Judge Joseph Walsh on Thursday dismissed what’s known as a quo warranto action filed by four North County activists. The group was asking Walsh to appoint a special prosecutor to investigate the way McCulloch handled the Darren Wilson grand jury. That prosecutor could have officially challenged McCulloch’s right to hold office if misconduct was discovered.

Jamala Rogers (bottom left) and John Chasnoff (bottom right) after the civilian oversight board they have championed for 30 years received initial approval on April 15, 2015
Katelyn Petrin/St. Louis Public Radio

The process of getting the new St. Louis police civilian oversight board up and running has taken another small step forward.

An aerial view of the National Geospatial-Intelligence Agency at 3200 South 2nd Street.
(courtesy NGA) / National Geospatial-Intelligence Agency, NGA

Legislation authorizing the city of St. Louis to borrow as much as $20 million to buy land to keep a major employer within the city's borders narrowly squeaked through preliminary approval on Thursday.

The Board of Aldermen approved the measure Thursday by a 13-11-1 vote amid confusion about the final outcome. It needs one more vote before going to Mayor Francis Slay's desk.

The Missouri Supreme Court is soliciting comments and suggestions from residents on how to improve municipal courts statewide.
Steakpinball | Flickr

Defendants in St. Louis municipal court who face the risk of being arrested because they didn’t pay a fine or fee are getting a second chance.

The city announced Wednesday it is cancelling a total of 56,000 warrants that had been issued to individuals who failed to pay. Those 29,000 people will get a letter offering them a new court date and a chance to explain why they did not pay the initial fines and court costs.

St. Louis Alderman Antonio French, D-21st Ward, listens in at a recent hearing of the Board of Aldermen's Legislative Committee.
Jason Rosenbaum | St. Louis Public Radio | File photo

An effort by St. Louis alderman Antonio French to add an additional set of eyes to police policy is running into some headwinds.

French introduced a resolution on May 21 that would create a special committee to look at officer-involved shootings between January 2014 and the end of this year and recommend changes to policy or city law. The board's rules committee held its second hearing on the measure Wednesday without taking a vote. A third hearing of that standing committee is scheduled for next week.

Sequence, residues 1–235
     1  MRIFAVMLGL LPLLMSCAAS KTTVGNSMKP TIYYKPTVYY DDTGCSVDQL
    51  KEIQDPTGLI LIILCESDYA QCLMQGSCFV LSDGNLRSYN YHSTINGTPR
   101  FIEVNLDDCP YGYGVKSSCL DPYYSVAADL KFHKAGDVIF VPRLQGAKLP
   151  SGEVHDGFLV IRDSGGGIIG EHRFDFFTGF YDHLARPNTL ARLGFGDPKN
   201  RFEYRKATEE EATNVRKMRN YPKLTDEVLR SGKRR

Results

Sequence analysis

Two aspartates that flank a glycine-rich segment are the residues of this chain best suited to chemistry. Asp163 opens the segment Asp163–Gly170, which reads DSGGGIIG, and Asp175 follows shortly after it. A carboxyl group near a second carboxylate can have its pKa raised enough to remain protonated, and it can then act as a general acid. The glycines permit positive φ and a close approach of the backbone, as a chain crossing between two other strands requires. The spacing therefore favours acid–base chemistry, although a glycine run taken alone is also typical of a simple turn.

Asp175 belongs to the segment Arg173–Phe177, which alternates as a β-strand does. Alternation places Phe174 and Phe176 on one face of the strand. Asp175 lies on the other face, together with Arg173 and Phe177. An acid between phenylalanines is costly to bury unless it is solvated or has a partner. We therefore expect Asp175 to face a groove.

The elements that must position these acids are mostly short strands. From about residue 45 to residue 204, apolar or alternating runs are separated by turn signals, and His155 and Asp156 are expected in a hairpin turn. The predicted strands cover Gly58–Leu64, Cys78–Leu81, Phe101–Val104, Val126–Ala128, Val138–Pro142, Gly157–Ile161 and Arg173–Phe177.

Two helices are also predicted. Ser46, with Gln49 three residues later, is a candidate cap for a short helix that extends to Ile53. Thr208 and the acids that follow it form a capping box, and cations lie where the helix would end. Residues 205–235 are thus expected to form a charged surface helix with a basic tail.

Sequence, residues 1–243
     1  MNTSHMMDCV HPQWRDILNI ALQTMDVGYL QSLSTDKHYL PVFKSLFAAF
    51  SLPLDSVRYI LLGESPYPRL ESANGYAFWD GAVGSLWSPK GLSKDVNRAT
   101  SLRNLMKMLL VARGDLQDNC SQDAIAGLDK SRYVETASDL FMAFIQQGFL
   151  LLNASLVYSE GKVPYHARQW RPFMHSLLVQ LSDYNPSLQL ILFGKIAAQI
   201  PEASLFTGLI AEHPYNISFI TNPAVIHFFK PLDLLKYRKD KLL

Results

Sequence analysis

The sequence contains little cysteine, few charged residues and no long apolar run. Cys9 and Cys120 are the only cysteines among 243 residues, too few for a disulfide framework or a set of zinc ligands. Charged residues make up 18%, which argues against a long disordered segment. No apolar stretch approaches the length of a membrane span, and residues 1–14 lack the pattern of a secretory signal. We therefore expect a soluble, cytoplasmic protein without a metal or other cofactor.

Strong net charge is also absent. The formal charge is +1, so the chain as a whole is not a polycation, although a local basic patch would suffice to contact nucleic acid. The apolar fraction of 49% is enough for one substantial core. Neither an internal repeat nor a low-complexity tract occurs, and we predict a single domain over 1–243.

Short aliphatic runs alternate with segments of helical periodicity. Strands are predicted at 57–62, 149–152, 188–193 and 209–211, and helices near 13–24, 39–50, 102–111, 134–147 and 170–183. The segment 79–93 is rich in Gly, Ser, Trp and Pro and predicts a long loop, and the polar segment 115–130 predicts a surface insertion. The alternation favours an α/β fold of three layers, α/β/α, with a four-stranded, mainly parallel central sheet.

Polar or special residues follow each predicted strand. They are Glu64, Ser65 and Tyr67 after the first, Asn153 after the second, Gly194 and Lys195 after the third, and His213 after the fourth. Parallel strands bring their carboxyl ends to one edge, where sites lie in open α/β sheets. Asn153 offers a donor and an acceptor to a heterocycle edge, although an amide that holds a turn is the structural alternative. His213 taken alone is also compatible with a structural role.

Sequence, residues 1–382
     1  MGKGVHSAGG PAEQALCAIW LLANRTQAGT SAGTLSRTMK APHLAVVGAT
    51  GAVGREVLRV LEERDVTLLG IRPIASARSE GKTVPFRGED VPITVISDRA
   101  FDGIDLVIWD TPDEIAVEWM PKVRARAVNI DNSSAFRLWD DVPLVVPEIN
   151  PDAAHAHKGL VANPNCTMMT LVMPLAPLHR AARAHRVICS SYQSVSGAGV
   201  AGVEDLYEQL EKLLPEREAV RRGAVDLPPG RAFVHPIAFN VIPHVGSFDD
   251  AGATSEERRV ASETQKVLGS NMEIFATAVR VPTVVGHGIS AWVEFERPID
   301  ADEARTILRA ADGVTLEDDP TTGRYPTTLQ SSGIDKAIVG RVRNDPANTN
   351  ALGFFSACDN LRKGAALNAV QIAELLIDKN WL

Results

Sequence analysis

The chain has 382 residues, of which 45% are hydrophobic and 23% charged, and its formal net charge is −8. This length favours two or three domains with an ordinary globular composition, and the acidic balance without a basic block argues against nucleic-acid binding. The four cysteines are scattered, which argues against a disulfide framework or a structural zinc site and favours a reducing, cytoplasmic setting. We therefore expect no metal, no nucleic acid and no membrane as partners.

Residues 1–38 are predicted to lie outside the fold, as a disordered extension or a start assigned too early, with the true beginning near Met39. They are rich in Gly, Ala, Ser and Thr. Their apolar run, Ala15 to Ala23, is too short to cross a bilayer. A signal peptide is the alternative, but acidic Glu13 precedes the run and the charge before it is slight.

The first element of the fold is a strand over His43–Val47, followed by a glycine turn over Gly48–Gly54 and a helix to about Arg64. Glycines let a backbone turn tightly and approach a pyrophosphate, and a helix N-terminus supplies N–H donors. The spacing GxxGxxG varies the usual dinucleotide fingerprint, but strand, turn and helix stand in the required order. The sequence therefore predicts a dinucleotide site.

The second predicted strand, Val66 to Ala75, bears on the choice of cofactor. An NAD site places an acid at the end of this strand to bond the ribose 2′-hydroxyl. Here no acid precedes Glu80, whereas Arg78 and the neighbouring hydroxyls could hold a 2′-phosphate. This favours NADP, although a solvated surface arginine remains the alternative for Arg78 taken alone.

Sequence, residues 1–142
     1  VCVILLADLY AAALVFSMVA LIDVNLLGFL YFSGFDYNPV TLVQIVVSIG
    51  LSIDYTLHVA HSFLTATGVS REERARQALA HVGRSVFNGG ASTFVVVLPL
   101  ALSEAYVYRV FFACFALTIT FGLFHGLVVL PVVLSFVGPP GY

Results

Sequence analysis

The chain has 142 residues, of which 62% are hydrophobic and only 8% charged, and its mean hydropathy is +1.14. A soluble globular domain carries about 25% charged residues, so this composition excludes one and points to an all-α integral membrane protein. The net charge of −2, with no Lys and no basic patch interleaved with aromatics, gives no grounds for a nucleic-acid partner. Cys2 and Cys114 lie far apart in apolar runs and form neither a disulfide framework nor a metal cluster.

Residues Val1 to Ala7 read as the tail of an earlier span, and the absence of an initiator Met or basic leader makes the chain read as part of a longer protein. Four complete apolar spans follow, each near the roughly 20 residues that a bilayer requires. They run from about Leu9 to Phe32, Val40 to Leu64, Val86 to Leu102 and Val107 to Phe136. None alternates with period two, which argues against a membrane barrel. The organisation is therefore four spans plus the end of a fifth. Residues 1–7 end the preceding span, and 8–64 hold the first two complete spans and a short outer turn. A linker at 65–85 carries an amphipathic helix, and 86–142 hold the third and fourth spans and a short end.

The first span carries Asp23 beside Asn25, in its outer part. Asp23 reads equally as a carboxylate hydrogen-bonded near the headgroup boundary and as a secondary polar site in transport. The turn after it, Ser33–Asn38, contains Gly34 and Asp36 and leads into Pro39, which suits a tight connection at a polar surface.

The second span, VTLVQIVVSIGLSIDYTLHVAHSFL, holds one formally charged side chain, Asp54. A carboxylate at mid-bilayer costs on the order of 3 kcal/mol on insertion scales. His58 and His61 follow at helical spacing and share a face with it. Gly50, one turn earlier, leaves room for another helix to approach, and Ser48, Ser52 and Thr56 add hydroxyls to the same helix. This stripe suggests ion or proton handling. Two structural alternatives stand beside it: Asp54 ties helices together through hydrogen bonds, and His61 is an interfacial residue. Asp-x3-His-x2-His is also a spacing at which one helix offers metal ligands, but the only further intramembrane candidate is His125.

(via Flickr/M Glasgow)

The Missouri Supreme Court has upheld a constitutional amendment that broadened gun rights in the state.

Voters approved Amendment 5 in August 2014 with 61 percent of the vote. It made the right to own firearms, ammunition and other accessories in the state "unalienable," and said any form of gun control should be subject to "strict scrutiny." The amendment also allowed the open carrying of guns.

(Chris McDaniel/St. Louis Public Radio)

Updated June 30, 2015 with appeals court ruling - A Missouri appeals court panel has rejected an effort by St. Louis-based activists to limit the economic incentives by the city to Peabody and other energy companies.

(via Wikimedia Commons/California Department of Corrections)

Updated 9 a.m. Tuesday with news of Supreme Court's action - The U.S. Supreme Court will not hear a challenge by Missouri death row inmates to the state’s execution protocol.

The high court on Monday denied a request from the inmate's attorneys to consider the case. The Eighth Circuit Court of Appeals had ruled that in order to win their claims that Missouri's lethal injection cocktail amounted to cruel and unusual punishment, inmates had to show that a viable alternative was available.